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In Alaska,citizens will vote on Ballot Measure 2, which will create a retail
industry for marijuana sales and give the state government the authority to tax recreational cannabis as well.
In Oregon, voters will be weighing in on Measure 91, which would also create a legal framework for the production and sale of recreational marijuana for adults. This law also provides for a tax on the sale of marijuana.
Those who live in Washington DC will have the opportunity to vote for partial legalization. The DC law, Initiative 71, would legalize the possession of up to two ounces of marijuana and the home cultivation of up to six plants. It would not create a retail market or regulatory system for marijuana products.
If you live in either of these states or DC, your vote today could actively help end marijuana prohibition! Those of you in other states still have plenty of important cannabis-related issues to weigh in on today!
In California, voters will get to decide on Proposition 47, also entitled “Reduced Penalties for Some Crimes Initiative.” The law allows for re-sentencing for incarcerated citizens convicted of non-violent offenses, including shoplifting, fraud, and forgery in addition to many drug offenses.
Florida citizens will finally be deciding the fate of the hotly contested Amendment 2, which would create a medical marijuana program in the state. The Florida race has seen some very heavy-handed rhetoric, including the typical “won’t someone think of the children” and claims that medibles would be used as a date rape drug. Additionally, the people of Guam (not a state, but a terrritory) will vote on Proposal 14A, the Compassionate Cannabis Use Act. If passed, this new law requires that the local government establish a medical marijuana program within 9 months.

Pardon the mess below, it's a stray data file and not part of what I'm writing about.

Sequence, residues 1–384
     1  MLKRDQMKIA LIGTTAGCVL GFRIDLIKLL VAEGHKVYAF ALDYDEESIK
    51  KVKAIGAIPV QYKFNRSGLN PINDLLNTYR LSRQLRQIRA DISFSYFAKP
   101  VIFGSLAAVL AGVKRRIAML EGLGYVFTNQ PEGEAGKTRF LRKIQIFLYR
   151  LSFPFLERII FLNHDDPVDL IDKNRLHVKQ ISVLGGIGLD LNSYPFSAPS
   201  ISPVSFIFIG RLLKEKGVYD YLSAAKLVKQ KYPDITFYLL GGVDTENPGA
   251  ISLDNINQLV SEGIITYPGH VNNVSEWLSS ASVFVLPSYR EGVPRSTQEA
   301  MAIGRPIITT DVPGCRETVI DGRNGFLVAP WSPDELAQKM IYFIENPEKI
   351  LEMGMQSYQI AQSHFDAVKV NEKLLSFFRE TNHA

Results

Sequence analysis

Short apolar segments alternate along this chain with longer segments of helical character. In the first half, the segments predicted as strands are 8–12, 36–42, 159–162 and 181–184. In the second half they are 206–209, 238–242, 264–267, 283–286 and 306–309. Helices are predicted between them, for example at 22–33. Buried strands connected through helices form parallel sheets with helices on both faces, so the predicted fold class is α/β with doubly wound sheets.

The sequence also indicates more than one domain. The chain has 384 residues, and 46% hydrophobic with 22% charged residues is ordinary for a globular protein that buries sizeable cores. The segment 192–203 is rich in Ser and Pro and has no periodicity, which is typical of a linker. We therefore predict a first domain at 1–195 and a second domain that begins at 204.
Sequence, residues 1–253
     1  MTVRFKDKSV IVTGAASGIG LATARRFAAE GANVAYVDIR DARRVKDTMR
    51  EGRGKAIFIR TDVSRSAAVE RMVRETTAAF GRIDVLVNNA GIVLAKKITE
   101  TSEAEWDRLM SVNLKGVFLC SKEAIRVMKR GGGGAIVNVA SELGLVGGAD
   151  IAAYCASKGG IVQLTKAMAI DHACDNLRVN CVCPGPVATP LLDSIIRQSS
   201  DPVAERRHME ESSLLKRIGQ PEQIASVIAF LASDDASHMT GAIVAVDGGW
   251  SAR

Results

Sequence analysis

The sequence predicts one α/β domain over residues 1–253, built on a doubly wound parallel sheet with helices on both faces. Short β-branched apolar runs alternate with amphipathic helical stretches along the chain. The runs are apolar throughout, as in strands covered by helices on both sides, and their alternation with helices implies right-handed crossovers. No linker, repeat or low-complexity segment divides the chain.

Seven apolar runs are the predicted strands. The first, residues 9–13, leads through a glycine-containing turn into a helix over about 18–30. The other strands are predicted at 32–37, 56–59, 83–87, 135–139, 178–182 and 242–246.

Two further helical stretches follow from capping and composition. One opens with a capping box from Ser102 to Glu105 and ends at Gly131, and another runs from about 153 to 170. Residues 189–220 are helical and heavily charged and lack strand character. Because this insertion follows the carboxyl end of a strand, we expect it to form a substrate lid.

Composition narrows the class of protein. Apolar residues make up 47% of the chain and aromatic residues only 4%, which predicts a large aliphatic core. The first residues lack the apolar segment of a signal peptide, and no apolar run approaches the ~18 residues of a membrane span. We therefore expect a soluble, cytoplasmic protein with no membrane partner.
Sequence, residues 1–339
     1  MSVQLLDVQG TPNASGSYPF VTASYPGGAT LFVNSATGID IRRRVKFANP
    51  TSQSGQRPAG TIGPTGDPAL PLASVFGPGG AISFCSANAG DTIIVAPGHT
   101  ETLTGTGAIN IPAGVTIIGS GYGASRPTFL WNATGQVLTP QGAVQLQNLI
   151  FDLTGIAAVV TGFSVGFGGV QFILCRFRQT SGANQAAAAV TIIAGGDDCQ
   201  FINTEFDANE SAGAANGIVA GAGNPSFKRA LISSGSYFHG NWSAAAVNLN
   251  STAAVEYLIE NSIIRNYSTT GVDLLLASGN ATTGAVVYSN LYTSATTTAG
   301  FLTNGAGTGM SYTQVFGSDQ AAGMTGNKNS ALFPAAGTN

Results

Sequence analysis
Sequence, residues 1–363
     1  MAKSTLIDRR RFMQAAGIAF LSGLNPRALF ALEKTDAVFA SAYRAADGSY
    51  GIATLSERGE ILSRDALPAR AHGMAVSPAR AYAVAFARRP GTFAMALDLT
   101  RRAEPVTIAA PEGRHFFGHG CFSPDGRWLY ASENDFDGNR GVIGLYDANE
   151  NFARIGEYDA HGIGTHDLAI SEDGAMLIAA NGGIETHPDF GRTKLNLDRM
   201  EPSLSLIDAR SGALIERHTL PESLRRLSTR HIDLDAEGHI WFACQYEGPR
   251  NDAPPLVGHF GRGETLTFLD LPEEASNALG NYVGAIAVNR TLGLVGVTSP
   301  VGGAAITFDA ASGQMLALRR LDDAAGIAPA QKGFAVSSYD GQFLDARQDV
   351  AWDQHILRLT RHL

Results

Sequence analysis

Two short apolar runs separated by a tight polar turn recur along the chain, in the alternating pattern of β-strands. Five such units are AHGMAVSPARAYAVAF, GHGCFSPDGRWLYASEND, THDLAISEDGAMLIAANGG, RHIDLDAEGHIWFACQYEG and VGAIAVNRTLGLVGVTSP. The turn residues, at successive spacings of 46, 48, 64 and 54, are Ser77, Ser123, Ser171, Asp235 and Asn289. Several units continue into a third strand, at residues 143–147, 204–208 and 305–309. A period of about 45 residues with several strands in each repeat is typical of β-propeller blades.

Several states have municipalities, counties, or districts with marijuana proposals on the ballot. In Maine, New Mexico and Michigan, several cities will vote on decriminalization of marijuana, while Massachusetts, voters in certain districts may pass a ballot initiative requiring elected officials to vote in favor of regulating cannabis like alcohol.
Additionally, there are some important congressional and senate races this year. The NORML Political Action Committee has made endorsements of candidates in a variety of states, including Florida, New Jersey, Oregon, Tennessee, Texas, Washington, Maine, Oklahoma, Pennsylvania and the District of Columbia. For a full list of NORML-endorsed candidates and links to more information about them, click here.
Even if your ballot won’t have a cannabis-related ballot measure or a marijuana-friendly candidate to support, turning out to vote is the civic duty of all citizens, and it’s one of the most integral parts of being an activist. After all, what is the point of all we’re doing if we don’t show up to cast our vote when the day comes?
GET OUT AND VOTE, FOLKS!
For previous Ladybud Magazine articles about politics, click here.
Photo Credit: By Tom Arthur from Orange, CA, United States (vote for better tape Uploaded by Petronas) (CC-BY-SA-2.0) via Wikimedia Commons